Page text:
The sensed set of vehicle parameters may include lateral acceleration, steering wheel angle, yaw rate, and wheel speed. The all-wheel drive lock value may be based on a ratio of a sensed lateral acceleration and a surface capability value. The surface capability value may be computed from the sensed set of vehicle parameters.

The vehicle subsystem control activation determination may include determining whether a vehicle anti-lock brake subsystem is active, and adjusting the all-wheel drive lock value to an unlocked condition when the vehicle anti-lock brake subsystem is active. The vehicle subsystem control activation determination may include determining whether a vehicle traction control subsystem is active, and adjusting the all-wheel drive lock value based on a traction control subsystem gain value when the vehicle traction control subsystem is active. The traction control subsystem gain value may be a function of the surface capability value.

The vehicle subsystem control activation determination may include determining whether a vehicle stability enhancement subsystem is active, and adjusting the all-wheel drive lock value based on a stability enhancement subsystem gain value when the vehicle stability enhancement subsystem is active. The stability enhancement subsystem gain value may be a function of the surface capability value.

Adjustments to the all-wheel drive lock value may not be made when it is determined that the anti-lock brake subsystem is not active, the traction control subsystem is not active, and the vehicle stability enhancement subsystem is not active.

Another aspect of the current invention is a computer usable medium including a program for progressive engagement of an all-wheel drive. The computer program may include code to determine an all-wheel drive lock value based on the sensed set of vehicle parameters. The computer program may include code to determine vehicle subsystem control activation. The computer program may include code to adjust the all-wheel drive lock value based on the vehicle subsystem control activation determination. The computer program may include code to engage an all-wheel drive controller based on the adjusted all-wheel drive lock value.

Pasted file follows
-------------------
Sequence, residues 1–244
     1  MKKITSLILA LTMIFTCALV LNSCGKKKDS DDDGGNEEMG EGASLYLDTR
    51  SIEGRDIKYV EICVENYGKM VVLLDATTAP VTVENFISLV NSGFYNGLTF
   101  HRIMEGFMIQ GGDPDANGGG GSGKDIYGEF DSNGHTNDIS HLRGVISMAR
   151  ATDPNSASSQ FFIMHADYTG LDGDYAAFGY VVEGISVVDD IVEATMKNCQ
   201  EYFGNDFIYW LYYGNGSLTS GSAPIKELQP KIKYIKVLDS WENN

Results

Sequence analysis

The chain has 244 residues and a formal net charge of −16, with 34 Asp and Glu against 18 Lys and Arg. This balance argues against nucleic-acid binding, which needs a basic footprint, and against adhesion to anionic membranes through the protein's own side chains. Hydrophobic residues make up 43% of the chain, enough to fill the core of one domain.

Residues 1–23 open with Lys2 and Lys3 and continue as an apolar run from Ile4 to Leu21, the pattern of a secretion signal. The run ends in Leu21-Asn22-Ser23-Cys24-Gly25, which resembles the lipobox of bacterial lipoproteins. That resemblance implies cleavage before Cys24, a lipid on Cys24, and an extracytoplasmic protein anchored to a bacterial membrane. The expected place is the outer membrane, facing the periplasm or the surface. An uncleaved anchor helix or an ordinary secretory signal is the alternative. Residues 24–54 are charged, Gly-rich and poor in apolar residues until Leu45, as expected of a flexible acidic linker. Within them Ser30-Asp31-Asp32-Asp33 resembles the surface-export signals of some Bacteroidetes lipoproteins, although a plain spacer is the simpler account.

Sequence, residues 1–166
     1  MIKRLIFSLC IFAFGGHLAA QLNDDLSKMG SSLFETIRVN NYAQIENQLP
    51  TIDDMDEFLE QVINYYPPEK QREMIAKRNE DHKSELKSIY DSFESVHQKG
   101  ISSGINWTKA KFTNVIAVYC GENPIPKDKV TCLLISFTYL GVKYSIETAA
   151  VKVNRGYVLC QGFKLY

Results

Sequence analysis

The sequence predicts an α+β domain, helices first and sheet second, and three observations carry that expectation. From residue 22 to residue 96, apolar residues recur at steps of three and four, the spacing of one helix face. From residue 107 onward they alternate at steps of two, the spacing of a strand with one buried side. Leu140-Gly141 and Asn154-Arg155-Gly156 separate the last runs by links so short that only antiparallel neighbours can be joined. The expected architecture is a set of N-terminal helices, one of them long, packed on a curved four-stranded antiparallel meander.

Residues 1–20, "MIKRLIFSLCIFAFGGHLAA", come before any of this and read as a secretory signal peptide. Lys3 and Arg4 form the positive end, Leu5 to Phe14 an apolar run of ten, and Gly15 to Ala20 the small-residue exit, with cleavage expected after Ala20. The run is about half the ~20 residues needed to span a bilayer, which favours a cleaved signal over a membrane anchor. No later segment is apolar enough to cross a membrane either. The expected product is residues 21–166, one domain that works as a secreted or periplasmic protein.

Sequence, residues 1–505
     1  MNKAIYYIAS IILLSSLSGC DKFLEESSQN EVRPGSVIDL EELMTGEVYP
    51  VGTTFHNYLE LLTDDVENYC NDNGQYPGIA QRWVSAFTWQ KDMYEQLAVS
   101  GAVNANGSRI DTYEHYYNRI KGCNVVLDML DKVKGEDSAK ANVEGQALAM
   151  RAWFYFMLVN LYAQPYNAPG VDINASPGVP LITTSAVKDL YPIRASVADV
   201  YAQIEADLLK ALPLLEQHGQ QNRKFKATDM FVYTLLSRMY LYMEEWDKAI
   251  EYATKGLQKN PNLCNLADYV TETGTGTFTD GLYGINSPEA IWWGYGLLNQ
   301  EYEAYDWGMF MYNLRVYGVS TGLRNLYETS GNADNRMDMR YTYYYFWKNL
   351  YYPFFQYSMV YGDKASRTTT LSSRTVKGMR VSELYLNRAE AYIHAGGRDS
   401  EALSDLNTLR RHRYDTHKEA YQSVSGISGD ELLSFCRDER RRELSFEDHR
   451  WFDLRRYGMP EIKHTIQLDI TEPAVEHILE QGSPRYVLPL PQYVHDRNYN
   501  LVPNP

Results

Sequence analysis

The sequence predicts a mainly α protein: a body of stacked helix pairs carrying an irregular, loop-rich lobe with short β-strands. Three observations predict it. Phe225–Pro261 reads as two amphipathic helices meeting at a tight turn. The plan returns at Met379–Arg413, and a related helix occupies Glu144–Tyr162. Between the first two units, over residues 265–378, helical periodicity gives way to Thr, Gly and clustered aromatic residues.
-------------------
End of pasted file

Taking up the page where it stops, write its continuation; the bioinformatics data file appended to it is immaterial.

The computer program may include program code to sense a set of vehicle parameters including lateral acceleration, steering wheel angle, yaw rate, and wheel speed. The computer program may include code to determine the all-wheel drive lock value based on a ratio of a sensed lateral acceleration and a surface capability value.

The computer program may include code to determine the surface capability value computed from the sensed set of vehicle parameters.

The computer program may include code to determine vehicle subsystem control activation that includes determining whether a vehicle anti-lock brake subsystem is active, and adjusting the all-wheel drive lock value to an unlocked condition when the vehicle anti-lock brake subsystem is active.

The computer program may include code to determine vehicle subsystem control activation that includes determining whether a vehicle traction control subsystem is active, and adjusting the all-wheel drive lock value based on a traction control subsystem gain value when the vehicle traction control subsystem is active. The computer program may further include code to determine the traction control subsystem gain value, which may be a function of the surface capability value.

The computer program may include code to determine vehicle subsystem control activation that comprises determining whether a vehicle stability enhancement subsystem is active, and adjusting the all-wheel drive lock value based on a stability enhancement subsystem gain value when the vehicle stability enhancement subsystem is active. The computer program may include code to determine the stability enhancement subsystem gain value, which may be a function of the surface capability value.

The computer program may include code to make no adjustment to the all-wheel drive lock value when it is determined that the anti-lock brake subsystem is not active, the traction control subsystem is not active, and the vehicle stability enhancement subsystem is not active.

Another embodiment of the current invention includes a system for progressive engagement of an all-wheel drive, including a means for sensing a set of vehicle parameters; a means for determining an all-wheel drive lock value based on the sensed set of vehicle parameters; a means for determining vehicle subsystem control activation; a means for adjusting the all-wheel drive lock value based on the vehicle subsystem control activation determination; and a means for engaging an all-wheel drive controller based on the adjusted all-wheel drive lock value.